Videomaker – Learn video production and editing, camera reviews › Forums › Technique › Sound › School Audio Board Advice
- September 14, 2005 at 8:12 AM #40892
Our school (Lake Travis Middle Schol in Austin, Texas) is planning to set up something in the effect of a video recording studio, not for live TV. We were wondering what is a good entry to mid-range input mixer for our needs. We have been looking at the Behringer UB2442FX Pro. 😕
- September 15, 2005 at 7:42 AM #174502
- September 15, 2005 at 7:54 PM #174503AnonymousInactive
patience grasshopper, you will soon enough receive a reply, people have jobs and stuff. Best of luck with whatever you set up.
- September 16, 2005 at 8:27 AM #174504
It could be that while most of us have video experience, most do not have much music experience and this is mainly a musician’s mixer.
Okay… I just stumbled across another one on Froogle… It is the Edirol M-100FX (http://www.jacksmusicstore.com/catalog/computer-music-products/edirol-corporation/cmp-edi-c~edim100fx). It seems to be a good one for video production. Has anyone heard of it 😕
- September 16, 2005 at 1:04 PM #174505AnonymousInactive
I’ve heard of it. Suppost to be a great mixer. B&H has it for $179 I think.
- September 16, 2005 at 10:57 PM #174506AnonymousInactive
If you’re planning on using the mixer board as part of a class, to teach broadcasting or what-not you may want to consider Mackie. A simple 16 or 32 channel mackie mixer is great for learning on and also functions as a great video studio mixer. Also, the Mackie mixers retain their resale value when used nicely, thus allowing your school to retain their investment should they choose to upgrade to a more complex piece in a couple years.
I’ve found them to be quite durable too. Since they are quite common, most audio techs are already familiar with there set up conventions as well.
- September 17, 2005 at 1:29 PM #174507TomScratchParticipant
The Edirol mixer mentioned above is a solid machine that can support basic video editing or advanced NLE applications. Have used to direct single and multiple sound sources, mixing live, into a tape to tape video edit. Have mixed several sources off line onto a CD and then uploaded the CD for video editing. Inputs audio, from one or several channels simultaneously, directly into your NLE’s USB port. Great at cleaning up audio quality of compromised sources. Doesn’t take up much space. Less than $200 from B&H. At the Middle School level, however, vocal effects portion could prove to be distracting. Boys can deepen their voices. Girls can sound like men. Everyone can sound like Space Aliens. It is a very practical machine, but also has impressive entertainment value.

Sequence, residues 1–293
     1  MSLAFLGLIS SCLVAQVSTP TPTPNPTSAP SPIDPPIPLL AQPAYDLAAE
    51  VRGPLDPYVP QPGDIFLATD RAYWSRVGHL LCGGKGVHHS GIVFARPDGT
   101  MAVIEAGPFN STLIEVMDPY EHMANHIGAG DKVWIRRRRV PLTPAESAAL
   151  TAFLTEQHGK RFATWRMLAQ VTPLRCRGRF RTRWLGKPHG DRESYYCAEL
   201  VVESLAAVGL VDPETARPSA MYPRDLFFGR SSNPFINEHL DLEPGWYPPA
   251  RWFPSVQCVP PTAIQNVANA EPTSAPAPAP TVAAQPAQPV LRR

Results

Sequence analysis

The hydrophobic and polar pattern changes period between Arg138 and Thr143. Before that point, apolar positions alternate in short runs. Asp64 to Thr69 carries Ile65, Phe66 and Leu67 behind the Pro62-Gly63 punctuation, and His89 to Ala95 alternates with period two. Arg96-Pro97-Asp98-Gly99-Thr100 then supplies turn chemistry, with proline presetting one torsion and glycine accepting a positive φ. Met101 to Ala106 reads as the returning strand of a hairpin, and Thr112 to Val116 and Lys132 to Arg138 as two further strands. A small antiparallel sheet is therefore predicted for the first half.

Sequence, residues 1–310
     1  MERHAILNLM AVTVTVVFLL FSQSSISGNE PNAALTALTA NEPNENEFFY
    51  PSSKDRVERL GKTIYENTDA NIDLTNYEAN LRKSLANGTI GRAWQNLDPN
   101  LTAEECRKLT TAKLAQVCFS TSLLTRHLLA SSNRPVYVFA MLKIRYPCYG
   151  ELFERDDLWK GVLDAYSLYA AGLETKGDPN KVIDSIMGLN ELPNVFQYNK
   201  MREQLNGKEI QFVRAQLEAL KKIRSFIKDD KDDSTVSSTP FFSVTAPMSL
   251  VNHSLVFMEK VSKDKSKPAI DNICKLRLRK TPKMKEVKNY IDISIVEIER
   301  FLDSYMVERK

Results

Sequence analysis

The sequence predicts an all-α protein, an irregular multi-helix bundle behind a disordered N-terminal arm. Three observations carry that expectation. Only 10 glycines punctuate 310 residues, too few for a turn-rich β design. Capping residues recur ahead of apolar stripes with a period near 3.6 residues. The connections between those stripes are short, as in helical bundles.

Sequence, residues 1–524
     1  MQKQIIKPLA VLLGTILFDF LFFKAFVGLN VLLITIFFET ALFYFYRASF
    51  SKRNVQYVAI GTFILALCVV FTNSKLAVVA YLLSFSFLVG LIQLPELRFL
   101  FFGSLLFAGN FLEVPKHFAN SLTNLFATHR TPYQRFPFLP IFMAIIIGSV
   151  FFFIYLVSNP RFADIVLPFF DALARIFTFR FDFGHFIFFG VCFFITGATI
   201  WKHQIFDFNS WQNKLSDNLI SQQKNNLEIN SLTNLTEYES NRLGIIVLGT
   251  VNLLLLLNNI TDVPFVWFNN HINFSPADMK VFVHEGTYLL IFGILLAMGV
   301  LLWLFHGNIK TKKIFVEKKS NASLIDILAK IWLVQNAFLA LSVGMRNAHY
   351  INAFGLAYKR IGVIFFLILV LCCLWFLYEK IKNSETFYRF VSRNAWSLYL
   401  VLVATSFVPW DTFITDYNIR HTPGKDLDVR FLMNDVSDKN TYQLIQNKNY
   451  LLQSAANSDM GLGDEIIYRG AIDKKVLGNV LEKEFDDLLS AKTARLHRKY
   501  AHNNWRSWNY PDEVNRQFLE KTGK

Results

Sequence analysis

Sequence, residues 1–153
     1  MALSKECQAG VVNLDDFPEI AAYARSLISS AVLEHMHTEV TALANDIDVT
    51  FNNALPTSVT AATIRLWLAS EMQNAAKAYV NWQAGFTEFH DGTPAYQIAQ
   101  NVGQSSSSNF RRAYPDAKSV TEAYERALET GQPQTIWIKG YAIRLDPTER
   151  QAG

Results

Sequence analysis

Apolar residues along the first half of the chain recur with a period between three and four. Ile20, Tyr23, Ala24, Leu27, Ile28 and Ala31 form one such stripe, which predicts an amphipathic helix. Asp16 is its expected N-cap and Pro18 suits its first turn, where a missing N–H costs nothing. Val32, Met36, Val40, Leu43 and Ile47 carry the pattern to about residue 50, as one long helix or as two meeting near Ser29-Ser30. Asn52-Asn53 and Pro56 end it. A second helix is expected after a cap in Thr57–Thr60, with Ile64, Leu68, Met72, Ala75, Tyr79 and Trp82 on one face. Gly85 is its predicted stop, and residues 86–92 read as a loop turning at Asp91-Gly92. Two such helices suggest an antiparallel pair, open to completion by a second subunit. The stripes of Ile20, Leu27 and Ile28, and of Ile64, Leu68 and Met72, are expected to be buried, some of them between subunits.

REGARDS … TOM 8)
- September 20, 2005 at 8:24 AM #174508
Thanks for the advice… This looks like a good one. Is there one comparable (just to compare…) that you can think of?
Also (I know we are complete novices), can you reccomend a good Mini-DV mic? 😕 😕 😕
- September 22, 2005 at 11:02 PM #174509TomScratchParticipant
You should look beyond simple Mini-DV mikes. Many top rate professional (XLR) mikes can be hard wired to your (mini) DV cam; and wireless is an option for some mikes. Likewise, many top mikes can be input to the Edirol mixer mentioned earlier.
There are a ka-zillion articles on mikes in the Videomaker archives. If your issue isn’t handy, the secret word this month is: studio. To save some time, recommend that you start with an excellent article on mike basics at this link:
Lots of training tapes/DVDs out there. I stumbled on this one: Location Sound For Video, described at http://www.soundforvideo.com. This is an excellent training DVD that effectively presents all you need to know about mikes to at least get you started on the search and decision process about what to acquire. This is done in a very straightforward, no muss no fuss fashion, no distractions, no humor, an information packed 25 minutes. While it is not MTV, it is not boring and you will probably still be learning from it after 10 or 20 viewings. Cost is $20.
(Note. This outfit is located in Orlando. My order was delayed when they closed shop early that week to prepare for a hurricane. Was worth the wait!)
There is a major focus on XLR to pin input issues. Virtually all of the info is good for studio shoots as well as outdoor field shoots. There is a brief presentation on a field-use mixer, when using 2 or more mikes for an outdoor shoot. Note that the Edirol mixer is intended for stationary use in a studio/editing suite, not for video camping trips. The end credits state that some audio heard on the DVD was originally recorded via an XLR to pin input to the cam.
REGARDS … TOM 8)
- October 10, 2005 at 8:27 AM #174510
Thanks! X-D X-D X-D 😀
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